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Cyclone Nivar updates: Tamil Nadu takes safety measures; all you need to know

Cyclone Nivar updates: Tamil Nadu takes safety measures; all you need to know

The cyclonic storm Nivar is expected to intensify further, clocking wind speeds in the range of 100-110 kmph, gusting to 120 kmph.

The Bay of Bengal is likely to witness its second severe cyclone of the year, the first being Super Cyclone Amphan in May.

The Regional Meteorological Centre (RMC) announced that the storm is likely to hit Tamil Nadu coast by midweek, with the next three days bringing in extremely heavy rain, strong winds, and rough sea conditions. The cyclonic storm Nivar is expected to intensify further, clocking wind speeds in the range of 100-110 kmph, gusting to 120 kmph.

The RMC in Chennai, which is among the six RMCs in the Indian Meteorological Department, said that commencement of heavy rainfall is expected Monday onwards, over the delta districts of Nagapattinam, Thanjavur and Tiruvarur. S Balachandran, Deputy Director General of Meteorology at the RMC said that the storm "will intensify into a cyclonic storm by Tuesday and into a severe cyclonic storm by Wednesday. The storm is likely to cross the Tamil Nadu and Pondicherry coast between Karaikal and Mahabalipuram around November 25 afternoon."

After cyclone Gaja in 2018, this will be the second cyclone to cross Tamil Nadu in the last two years. Tamil Nadu also risks maximum hazard due to the cyclone with extreme weather conditions anticipated on Tuesday and Wednesday. Sea conditions in the west-southwest regions of the Bay of Bengal have turned rough to extremely rough, and are expected to reach their peak on Wednesday. Locally, temporary houses and huts could suffer most damage, taking into account the time it would take for remedial action. Power lines, as well as communication frameworks could also be compromised; trees could be uprooted, and standing crops could be hit due to the cyclone being a carrier of saline water.

As precautionary measures in Tamil Nadu, a two-day red alert has been issued for the delta districts (where heavy rainfall of over 20 cm is expected) for November 24 and 25. Preparations have also been made at Ariyalur, Mayiladuturai, Thanjavur, Tiruvarur and Nagapattinam, all of which had incurred heavy losses during Cyclone Gaja in 2018. Similarly, an orange alert has been sounded in areas where rainfall is projected to range from 11 cm to 20 cm. These places include Chennai, Tiruvallur, Chengalpattu, Kancheepuram, Perambalur, Pudukottai, Cuddalore and the Villupuram districts.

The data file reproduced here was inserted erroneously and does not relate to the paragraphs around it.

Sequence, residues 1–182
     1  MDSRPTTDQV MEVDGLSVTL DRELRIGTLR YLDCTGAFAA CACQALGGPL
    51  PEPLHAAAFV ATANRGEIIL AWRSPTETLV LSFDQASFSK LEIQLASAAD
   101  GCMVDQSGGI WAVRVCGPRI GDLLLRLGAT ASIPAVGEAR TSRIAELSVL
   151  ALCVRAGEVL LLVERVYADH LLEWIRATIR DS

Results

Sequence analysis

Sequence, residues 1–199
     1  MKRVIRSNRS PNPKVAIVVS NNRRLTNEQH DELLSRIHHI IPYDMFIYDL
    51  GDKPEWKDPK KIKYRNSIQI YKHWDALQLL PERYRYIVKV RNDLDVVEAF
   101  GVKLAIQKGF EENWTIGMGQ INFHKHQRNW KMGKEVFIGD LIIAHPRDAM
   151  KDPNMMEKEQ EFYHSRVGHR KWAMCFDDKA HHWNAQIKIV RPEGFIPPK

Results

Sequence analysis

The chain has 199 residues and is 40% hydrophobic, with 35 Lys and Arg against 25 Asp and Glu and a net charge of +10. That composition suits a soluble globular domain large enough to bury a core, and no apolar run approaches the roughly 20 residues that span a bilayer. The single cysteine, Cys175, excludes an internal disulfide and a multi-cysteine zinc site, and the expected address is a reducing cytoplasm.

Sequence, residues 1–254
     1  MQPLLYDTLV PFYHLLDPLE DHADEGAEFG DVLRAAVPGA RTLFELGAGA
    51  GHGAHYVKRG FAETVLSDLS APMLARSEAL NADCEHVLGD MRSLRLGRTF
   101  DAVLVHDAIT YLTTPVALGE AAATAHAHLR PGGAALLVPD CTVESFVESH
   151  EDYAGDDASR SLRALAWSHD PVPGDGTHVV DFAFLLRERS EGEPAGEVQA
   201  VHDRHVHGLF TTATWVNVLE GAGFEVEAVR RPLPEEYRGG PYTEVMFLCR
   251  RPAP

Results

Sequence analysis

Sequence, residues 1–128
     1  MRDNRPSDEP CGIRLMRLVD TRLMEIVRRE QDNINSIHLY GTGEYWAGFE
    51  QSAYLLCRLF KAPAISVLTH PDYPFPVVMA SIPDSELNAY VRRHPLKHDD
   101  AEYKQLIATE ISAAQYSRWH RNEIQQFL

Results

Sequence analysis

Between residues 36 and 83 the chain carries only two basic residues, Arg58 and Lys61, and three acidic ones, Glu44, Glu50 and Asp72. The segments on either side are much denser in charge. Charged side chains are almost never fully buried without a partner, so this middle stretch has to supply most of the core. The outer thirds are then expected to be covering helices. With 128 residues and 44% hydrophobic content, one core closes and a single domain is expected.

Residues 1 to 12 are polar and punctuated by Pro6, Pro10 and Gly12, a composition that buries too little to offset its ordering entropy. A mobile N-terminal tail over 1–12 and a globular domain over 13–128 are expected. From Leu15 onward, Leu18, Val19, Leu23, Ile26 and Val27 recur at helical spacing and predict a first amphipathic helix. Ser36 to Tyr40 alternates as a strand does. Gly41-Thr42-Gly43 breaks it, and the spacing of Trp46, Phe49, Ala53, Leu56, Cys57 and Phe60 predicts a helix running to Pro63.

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Indian Meteorological Department (IMD) has also suggested complete suspension of fishing activity in the vulnerable areas of the Bay of Bengal till November 25.

The Development of the Cyclone:

The depression phase of the cyclone will intensify and come into its own sometime on Tuesday. The IMD has said that once intensified, the storm would acquire its name 'Nivar,' as proposed by Iran. As the winds intensify, wind speed is to range between 70 to 80 km/hr, gusting to 90km/hr.

The cyclone will further develop itself into a Severe Cyclone category by Wednesday, where winds are likely to range from  the 90 to 100 km/hr mark, gusting to 110 km/hr.  

"It is expected to hit Tamil Nadu coast on Wednesday afternoon. The projected track indicates its landwards crossing between Karaikal and Mamallapuram near Puducherry as a severe cyclonic storm (100 to 110 km/hr gusting to 120 km/hr)," said Mrutyunjay Mohapatra, Director General, IMD.

The Expected Intensity:

On Tuesday, winds with speeds 65 to 75 km/hr gusting to 85 km/hr are expected to prevail off the coast of Tamil Nadu. As the cyclone would be on its way to become more 'severe,' winds with speeds 100 to 110 km/hr gusting to 120 km/hr are forecast over north Tamil Nadu, Puducherry and Karaikal, which are expected to last at least 12 hours on Wednesday.

On Wednesday, the sea conditions would be high to very highly unfavourable, being at their expected worst in the course of the development of the cyclone, and potentially triggering sea waves up to 10 metres high.

While northern districts of Tamil Nadu are to face the maximum hazard, coastal Andhra Pradesh; Nellore and Chittoor districts of Rayalaseema, Telangana; and south interior of Karnataka will also receive rainfall between November 24-26. Southern Chhattisgarh and Odisha, too, will bear

the brunt of the cyclone, with rainfall activity projected on November 26 and 27.

As of 5.30 am today, the cyclone was located 410 km east-southeast of Puducherry and 450 km southeast of Chennai.

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